The Maimane-led DA had been bleeding – rather badly actually – in municipal by-elections since the national election when the DA dropped to 20.77% from 22.23% in the 2014 national election. The most significant reversal was at Stilfontein, a seat won by the Freedom Front Plus with 56% of the vote on July 10. This seat in the Matlosana municipality in North West, had been won by the DA in 2016 with 64.49% of the vote with the Freedom Front coming in second with 22.98%. It was a staggering reversal of fortunes.
Just days – on October 9 – before Maimane left, the DA did shockingly badly in Mpumalanga. The ANC won a “safe” DA seat in Bethal in the Govan Mbeki municipality with 36 percent of the vote (1965 votes). The Freedom Front Plus with 36 percent (just six votes less than the ANC) pushing the DA into third place with just 26% of the vote (it had gained 48% in 2016). Some pundits said that if the EFF had improved its performance, it would have taken support away from the ANC – and allowed the FF+ to achieve a spectacular win. It was some solace for the DA to retain a seat at Lydenburg (Thaba Chweu), also in Mpumalanga, with 48% of the vote on the same day (but this represented quite a drop from 79% in 2016). The Freedom Front came a good second with 33% (up from eight percent), and the ANC 18% (up from 10%). The EFF achieved just one percent (down from two percent). The generally appalling showing of the EFF in by-elections since May is a story still to be written.
Zille is not one for predictions, but she did say at the Press Club that the party’s internal polls have “stabilised and were moving slowly up”. Her reference to the “long haul” of Eglin – who replaced Frederik van Zyl Slabbert as leader when he bailed out in 1986 – suggests that Zille believes that the party is going to have a bit of a rough ride. In the 1987 election the PFP dropped precipitously from 27 seats in the (white) assembly to 17. The Democratic Party, established in 1998 and which incorporated the PFP, bounced the party back to 33 seats – but it did not return as official opposition in the (white) house of assembly – in 1989. But by 1993, the DA became the largest minority party in the tri-cameral parliament, with significant seats in the House of Representatives and House of Delegates. The DP was savaged in the 1994 elections and would have gone off the political map if it were for the new proportional representation system, which gave it 1.7 percent (and seven seats in the new National Assembly in the first democratic election of 1994). It was Tony Leon who led the party back to official opposition status in 1999 – and Zille, who became party leader in 2007, who grew the DA from there in the 2009 and 2014 elections.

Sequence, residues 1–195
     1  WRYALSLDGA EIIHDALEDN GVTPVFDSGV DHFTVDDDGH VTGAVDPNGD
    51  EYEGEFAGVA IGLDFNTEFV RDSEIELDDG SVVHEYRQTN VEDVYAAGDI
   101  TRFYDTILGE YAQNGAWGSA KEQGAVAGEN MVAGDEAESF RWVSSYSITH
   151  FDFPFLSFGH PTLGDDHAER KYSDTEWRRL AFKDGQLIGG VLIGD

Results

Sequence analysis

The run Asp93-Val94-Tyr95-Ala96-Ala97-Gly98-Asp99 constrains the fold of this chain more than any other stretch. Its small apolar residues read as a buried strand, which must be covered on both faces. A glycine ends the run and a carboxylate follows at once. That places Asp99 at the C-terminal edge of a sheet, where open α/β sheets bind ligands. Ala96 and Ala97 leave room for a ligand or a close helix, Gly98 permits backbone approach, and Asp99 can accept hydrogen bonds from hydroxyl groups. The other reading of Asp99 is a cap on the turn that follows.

Back to the present. One of the leading DA figures who attended Zille’s address to the press club after her stunning return – described by Zille’s former speech writer Jon Cayzer as her Thatcher-like “The Mummy Returns” event – said she had been depressed by the public image of the party while Maimane had been in office. Since the DA Mummy Return, the party devotee said, party workers had been imbued with a new fighting spirit. Greg Krumbock, the party’s chief election organiser and MP representing KwaZulu-Natal, has made his feelings known about the new spirit.
His sense is that the tide was turning. To quote Facebook: “Loving every minute of living on the edge and driving our party forward.” The author himself was involved in PFP youth politics at the time when Van Zyl Slabbert left, ushering Eglin in. The author does not believe that the return of Zille is in any way similar to Eglin. We all inwardly knew that Eglin somehow did not have the “krag” – or the personality – to win votes for the party.